Remember the time when it was difficult to become a published author? Back in the day there were only two routes available – either you were lucky enough to be picked up by a publisher, or you paid a small fortune to a dodgy company to ‘vanity publish’ your book. Now, of course, it’s different. The introduction of e-readers – especially Amazon’s Kindle – and print on demand makes it easy for anyone to become a published author. All you have to do is write a book, upload it and wait for the sales to roll in, right?
Many self-publishing authors cut corners by missing out the editing and proofreading stages. The result? There are thousands of books out there with fantastic plots and characters or indispensable information that receive poor reviews and make very few sales because they are badly written. If only those authors had employed an editor, it could have been a different story!
Part of the problem is not everyone understands what editing involves. It’s not just about checking the spelling – it goes a lot further than that. In fact, there are three – or possibly even four – stages of editing that every self-published book should go through.
Stage one: content editing
The first stage of editing is the editing the author does themselves. Don’t think your book is finished when you type “The End” on the last page! Put your manuscript away for a few days, or even a couple of weeks, and then come back to it with a critical eye. Read it through slowly – out loud is best, because it’s not so easy to miss out words. Make sure your book makes sense, that it says what you want it you say, and that everything you’ve written is relevant. Don’t be afraid to cut out waffle or add extra information, if you think your book needs it. Change any spelling or grammatical errors you spot along the way but don’t get too hung up on this. Your editor/proofreader will sort out the language; your focus now is on the content. It could be that your book actually goes through several draft stages – read it through each time and make changes until you are happy with it. But remember, there’s no such thing as perfect!
Stage two: beta readers
Traditional publishers will often use content editors to ‘sanity check’ the content of a book, to make sure the style of language creates the right atmosphere, the storylines all work, everything makes sense, there are no plot holes etc. You can achieve the same thing by using beta readers – people who read your book at this early stage and give you honest feedback. Pick your beta readers carefully. By all means give your mum a copy, but don’t expect much in the way of critical feedback! Instead, choose keen readers who are within your target audience, and who you trust to give you genuine feedback, negative as well as positive. Let them know that you’re not really worried about any spelling mistakes, but you do want to know what works and what doesn’t work. You could even ask them, quite simply, “What is wrong with my book?” Take on board their feedback and make the appropriate changes. Your book will be all the better for it!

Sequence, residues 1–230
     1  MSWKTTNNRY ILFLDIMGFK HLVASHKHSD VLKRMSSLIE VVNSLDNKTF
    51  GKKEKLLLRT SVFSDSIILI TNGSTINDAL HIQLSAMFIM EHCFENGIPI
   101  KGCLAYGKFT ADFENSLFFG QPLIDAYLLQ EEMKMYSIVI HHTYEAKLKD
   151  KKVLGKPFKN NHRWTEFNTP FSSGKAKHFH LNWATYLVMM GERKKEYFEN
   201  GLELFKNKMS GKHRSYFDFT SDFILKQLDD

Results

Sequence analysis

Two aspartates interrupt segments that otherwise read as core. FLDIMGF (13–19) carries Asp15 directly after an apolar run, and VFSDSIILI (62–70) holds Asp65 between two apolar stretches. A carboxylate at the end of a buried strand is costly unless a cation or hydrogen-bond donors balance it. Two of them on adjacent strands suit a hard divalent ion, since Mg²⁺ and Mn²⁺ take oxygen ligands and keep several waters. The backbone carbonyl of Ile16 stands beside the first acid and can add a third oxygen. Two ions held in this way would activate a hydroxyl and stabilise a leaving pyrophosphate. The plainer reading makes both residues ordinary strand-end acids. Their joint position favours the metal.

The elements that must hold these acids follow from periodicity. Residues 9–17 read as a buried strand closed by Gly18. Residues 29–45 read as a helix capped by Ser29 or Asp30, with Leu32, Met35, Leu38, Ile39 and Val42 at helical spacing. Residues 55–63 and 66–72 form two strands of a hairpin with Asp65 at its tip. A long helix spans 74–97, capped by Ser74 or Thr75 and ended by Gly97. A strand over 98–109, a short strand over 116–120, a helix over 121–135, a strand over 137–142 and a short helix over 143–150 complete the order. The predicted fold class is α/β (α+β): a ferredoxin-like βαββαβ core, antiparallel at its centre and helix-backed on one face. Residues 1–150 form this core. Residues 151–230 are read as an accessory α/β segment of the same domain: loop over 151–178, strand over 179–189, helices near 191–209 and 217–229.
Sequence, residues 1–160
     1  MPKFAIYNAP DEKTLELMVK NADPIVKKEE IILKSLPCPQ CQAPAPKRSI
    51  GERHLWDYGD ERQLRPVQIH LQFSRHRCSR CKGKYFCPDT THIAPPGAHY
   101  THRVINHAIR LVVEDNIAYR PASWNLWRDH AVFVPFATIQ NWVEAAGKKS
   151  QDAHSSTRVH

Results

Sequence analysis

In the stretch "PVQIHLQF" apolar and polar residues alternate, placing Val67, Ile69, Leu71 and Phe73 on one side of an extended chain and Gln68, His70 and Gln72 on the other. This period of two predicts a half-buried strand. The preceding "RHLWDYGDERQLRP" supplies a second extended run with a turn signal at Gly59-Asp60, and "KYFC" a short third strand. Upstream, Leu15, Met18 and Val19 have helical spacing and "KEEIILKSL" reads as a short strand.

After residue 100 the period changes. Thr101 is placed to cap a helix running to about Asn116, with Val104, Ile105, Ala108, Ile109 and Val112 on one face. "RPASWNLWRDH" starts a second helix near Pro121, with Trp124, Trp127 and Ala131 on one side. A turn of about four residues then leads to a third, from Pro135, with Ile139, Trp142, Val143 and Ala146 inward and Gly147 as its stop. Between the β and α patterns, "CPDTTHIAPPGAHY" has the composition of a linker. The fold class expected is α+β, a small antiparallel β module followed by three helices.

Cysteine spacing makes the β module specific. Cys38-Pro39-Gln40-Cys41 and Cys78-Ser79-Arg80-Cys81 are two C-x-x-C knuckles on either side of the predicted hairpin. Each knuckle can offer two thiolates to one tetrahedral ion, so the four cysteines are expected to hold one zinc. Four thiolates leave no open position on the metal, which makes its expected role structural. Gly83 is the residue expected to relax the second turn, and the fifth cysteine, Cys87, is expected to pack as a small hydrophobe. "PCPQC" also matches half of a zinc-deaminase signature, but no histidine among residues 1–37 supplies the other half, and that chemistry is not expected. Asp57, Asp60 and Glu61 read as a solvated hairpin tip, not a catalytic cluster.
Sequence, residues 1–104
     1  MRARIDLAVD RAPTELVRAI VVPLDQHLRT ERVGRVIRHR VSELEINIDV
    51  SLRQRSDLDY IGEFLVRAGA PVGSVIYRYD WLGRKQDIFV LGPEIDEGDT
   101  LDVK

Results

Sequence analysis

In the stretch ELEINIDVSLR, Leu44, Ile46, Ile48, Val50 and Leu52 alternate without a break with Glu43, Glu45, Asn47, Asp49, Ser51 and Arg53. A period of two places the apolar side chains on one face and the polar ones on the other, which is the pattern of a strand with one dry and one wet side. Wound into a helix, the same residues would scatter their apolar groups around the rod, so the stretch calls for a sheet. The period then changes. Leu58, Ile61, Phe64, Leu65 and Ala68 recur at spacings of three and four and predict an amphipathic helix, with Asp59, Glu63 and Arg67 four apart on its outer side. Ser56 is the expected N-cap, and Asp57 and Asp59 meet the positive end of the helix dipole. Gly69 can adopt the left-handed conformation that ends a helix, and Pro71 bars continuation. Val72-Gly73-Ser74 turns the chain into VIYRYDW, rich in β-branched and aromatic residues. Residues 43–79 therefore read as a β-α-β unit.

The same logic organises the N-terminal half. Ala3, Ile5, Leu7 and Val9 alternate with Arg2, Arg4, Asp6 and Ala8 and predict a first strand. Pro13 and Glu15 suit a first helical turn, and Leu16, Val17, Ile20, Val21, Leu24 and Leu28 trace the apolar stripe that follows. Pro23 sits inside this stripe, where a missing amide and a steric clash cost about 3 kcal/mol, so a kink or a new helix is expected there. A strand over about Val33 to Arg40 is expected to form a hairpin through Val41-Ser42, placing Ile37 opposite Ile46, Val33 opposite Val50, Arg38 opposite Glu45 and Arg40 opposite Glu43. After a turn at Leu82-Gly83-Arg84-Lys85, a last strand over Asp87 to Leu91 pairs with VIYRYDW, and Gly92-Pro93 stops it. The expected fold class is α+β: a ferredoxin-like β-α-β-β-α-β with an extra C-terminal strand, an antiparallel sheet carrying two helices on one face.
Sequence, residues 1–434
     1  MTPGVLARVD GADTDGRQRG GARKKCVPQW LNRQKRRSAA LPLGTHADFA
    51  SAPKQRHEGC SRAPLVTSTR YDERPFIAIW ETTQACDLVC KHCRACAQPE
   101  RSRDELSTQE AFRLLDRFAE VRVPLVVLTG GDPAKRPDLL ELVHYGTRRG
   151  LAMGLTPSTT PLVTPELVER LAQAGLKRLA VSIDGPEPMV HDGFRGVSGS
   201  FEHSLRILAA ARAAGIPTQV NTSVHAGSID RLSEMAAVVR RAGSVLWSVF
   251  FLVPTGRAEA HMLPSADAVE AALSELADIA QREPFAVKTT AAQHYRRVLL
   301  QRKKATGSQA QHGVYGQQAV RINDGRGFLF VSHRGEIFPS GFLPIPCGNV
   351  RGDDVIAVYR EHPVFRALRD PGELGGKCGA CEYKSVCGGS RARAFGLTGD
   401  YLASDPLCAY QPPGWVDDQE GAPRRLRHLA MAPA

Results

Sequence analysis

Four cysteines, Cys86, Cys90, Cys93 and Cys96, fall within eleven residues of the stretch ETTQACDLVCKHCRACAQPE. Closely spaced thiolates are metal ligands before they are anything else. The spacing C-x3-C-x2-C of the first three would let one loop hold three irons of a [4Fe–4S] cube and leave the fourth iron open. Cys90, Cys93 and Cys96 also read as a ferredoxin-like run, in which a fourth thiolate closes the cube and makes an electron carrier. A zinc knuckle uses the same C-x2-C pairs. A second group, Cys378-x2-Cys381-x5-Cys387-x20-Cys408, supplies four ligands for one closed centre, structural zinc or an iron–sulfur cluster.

Stage three: line editing / copyediting
A copyeditor will work through the text line by line, making sure it is clear, concise and coherent. They’ll look at sentence structure, edit out clunky text and make sure concepts are easily understood by the lay reader. (It’s amazing how much writers assume the reader knows!) They’ll pick up inconsistencies – people being in two places at the same time, or hair turning from blond to brown to blond again – and edit out extraneous content. (If we’re told a character gets into a car and drives off, we usually don’t need to know about them unlocking it, opening the door, putting the key in the ignition and indicating before they pull away!) A good copyeditor will create a style list that includes recurring phrases – for example, whether you use OK or okay – to ensure styles are used consistently throughout. They’ll also fact check (e.g. the spelling of place names) and raise any queries with you.
Stage three / four: proofreading
Traditionally, proofreaders checked a ‘proof’ copy of the publication for typos, consistent formatting, page numbers in sequence etc. before it was mass printed. Today, the role of the proofreader is more about checking for spelling, grammar and punctuation errors, and ensuring that any changes requested by the copyeditor have been made.
However, many proofreaders (myself included) actually take on a more editorial role, and will be looking for sentence structure, consistency, clarity etc. as well as errors and typos. Employing a copyeditor/proofreader for your book makes the process quicker and less expensive. Bear in mind that if you make changes after your book has been proofread, you’ll need to have it checked again, as it’s easy for mistakes to creep in.
I can proofread my own book!
Don’t be fooled into thinking proofreading is something you can do yourself. By the time you’ve planned, written, rewritten and edited your book, you will be so familiar with the plot and the characters you’ll overlook even the most obvious mistakes. For example, I once proofread a novel where a character’s name switched from Tracey to Tracy and back again from chapter to chapter. The author knew what the character was called but didn’t spot the change in spelling, because he was too close to the book.
There are thousands of self-published books out there and you want to stand out from the crowd. Editing may be an expense you don’t feel you can justify – but when it makes the difference between one-star and five-star reviews, or a handful of sales and a best seller, it’s an expense you can’t afford to avoid.